There is mounting evidence to suggest that the city of Vancouver – and indeed the entire province of British Columbia – views MMA and its fans as a roving band of savages who are going to storm the town with torches and two-by-fours, burning every building and raping every damsel before climbing on their snarling horses and moving on to pillage the next village. At least that’s the impression we get from a number of local news reports leading up to June’s UFC 131. First there were reports from the Vancouver Courier that the police chief in The Couv was asking the UFC to foot the bill for extra cops outside the Rogers Arena during the event. The UFC rightly said no to that request last week. Now older reports are beginning to surface that the local government squashed a planned MMA expo last year and even one (from our own M-Russ in his previous incarnation at The Fight Network) alleging that area nightclubs tried to ban Affliction clothing as far back as 2007.

So, what gives? Why so petrified, Vancouver? Did somebody forget to tell them Brock Lesnar’s probably not even going to show up now? We hate to break the news this way, but the UFC has actually been doing shows all over the world for kind of a lot of years now and all of them – as far as we know – are still standing and operational as, you know, cities. From where we’re sitting it seems way more dangerous to say, have your team win the NBA championship than host a UFC event. Oh, wait. Sorry. Forgot. Anyway, more on this story, the UFC’s reaction and the possible roots of Vancouver’s MMA phobia after the jump.

Much of the current hysteria appears to stem from a bump in calls to police in the wake of UFC 115 last summer, particularly one sort of nasty act of violence. In that incident, a gay couple was beaten by two men while returning to their home in the hours after UFC 115. For whatever reason – thought they’ve been a little coy about it – police believe the men responsible may have been all charged up after watching Rich Franklin KO Chuck Liddell that night. Here it is from the most recent Courier report:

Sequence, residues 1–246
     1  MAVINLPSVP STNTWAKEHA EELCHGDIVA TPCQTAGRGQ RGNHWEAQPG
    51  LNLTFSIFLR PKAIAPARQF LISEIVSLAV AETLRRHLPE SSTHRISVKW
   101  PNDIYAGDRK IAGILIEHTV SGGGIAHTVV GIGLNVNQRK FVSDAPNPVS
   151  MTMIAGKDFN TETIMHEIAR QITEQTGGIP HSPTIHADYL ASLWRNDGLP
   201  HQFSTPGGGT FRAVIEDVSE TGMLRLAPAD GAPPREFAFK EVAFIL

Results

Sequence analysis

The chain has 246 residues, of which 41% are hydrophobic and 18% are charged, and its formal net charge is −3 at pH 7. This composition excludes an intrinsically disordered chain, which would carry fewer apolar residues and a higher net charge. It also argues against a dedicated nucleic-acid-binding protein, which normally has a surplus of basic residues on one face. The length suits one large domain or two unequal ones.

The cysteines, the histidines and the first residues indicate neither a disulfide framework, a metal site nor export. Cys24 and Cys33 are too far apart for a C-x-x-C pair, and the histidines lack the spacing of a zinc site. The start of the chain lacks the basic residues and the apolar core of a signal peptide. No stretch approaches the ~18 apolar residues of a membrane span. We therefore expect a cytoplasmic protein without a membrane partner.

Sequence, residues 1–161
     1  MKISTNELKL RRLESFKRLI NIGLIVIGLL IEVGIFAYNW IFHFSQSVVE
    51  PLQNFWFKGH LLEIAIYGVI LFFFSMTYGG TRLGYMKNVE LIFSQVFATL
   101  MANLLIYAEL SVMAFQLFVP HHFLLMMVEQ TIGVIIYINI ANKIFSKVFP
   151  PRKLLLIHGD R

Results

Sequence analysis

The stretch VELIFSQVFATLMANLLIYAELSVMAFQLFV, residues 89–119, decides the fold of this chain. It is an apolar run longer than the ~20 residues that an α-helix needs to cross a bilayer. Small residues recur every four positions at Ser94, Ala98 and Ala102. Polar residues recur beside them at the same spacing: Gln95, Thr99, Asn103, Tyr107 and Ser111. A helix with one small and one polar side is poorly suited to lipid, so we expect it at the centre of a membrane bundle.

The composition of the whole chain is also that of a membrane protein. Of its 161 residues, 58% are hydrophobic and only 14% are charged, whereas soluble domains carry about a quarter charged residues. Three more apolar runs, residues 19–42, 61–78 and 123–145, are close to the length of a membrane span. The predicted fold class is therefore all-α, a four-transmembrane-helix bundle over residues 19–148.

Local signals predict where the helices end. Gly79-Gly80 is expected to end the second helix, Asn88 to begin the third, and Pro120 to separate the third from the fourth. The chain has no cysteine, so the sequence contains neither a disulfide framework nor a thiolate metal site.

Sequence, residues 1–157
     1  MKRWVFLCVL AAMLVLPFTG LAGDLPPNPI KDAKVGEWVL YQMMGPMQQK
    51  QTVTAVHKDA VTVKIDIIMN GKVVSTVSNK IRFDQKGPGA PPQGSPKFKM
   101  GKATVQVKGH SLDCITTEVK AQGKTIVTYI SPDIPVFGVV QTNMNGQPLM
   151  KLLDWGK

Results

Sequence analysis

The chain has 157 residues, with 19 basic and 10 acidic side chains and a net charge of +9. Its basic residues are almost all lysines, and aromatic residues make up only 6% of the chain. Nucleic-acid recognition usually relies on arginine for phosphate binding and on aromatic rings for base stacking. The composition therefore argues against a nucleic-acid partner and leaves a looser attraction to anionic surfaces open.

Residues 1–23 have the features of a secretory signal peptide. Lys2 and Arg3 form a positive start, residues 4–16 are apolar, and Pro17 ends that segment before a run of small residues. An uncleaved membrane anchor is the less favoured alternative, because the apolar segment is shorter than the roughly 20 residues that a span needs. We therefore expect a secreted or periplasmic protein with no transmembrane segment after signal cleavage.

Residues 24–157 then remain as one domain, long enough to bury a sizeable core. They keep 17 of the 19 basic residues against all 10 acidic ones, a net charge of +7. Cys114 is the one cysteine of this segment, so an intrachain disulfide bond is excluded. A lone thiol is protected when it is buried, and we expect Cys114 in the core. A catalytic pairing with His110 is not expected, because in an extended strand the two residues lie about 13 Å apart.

“Police have not linked the beating to the UFC event, although (one of the victims) said in an interview a few days after the incident that he believed his attackers attended the fights at Rogers Arena.”

So that seems vague. According to the Courier, other incidents of concern following UFC 115 included “public drinking, rowdy drunks and public urination before and after the UFC event.” You know, sort of like what happens any time there is any sort of significant gathering  of fans for a sporting event, concert or large scale happening. Fact is, you’re always going to have a few idiots sprinkled in with the rest of the crowd.

Inexplicably, BC seems to have decided that MMA fans are also prone to “gang activity,” though if there are any MMA-centric gangs out there, we’ve never heard of them. It’s not like the Hells Angels, Crips or Latin Kings are known to mobilize for UFC events. Apparently however, the powers that be believe these gangs exist, and that they fancy $60 fashion T-shirts as their colors. Dude, those aren’t gangs. They’re just douchebags.

Anyhow, “gang concerns” were the reasons given last year when authorities reportedly told a promoter his planned MMA expo could not include “two people competing in any manner.” As result of finding out that no MMA, jiu-jitsu or kickboxing could be expo’d at his expo, the promoter canceled the event.

That pretty much brings us up to date, when Vancouver asked the UFC to pay for extra cops around Rogers Arena next month. The company said no, with Director of Canadian Operations Tom Wright explaining in an email to MMA Fighting: “We remain supportive of law enforcement in every city we bring shows to, (but) we weren’t prepared to be ‘treated differently’ than other events/concerts/shows.”

As it stands, it doesn’t seem like this sticking point will threaten the viability of UFC 131. On the other hand, it does kind of feel like British Columbia needs to chill out.

Props: Cage potato

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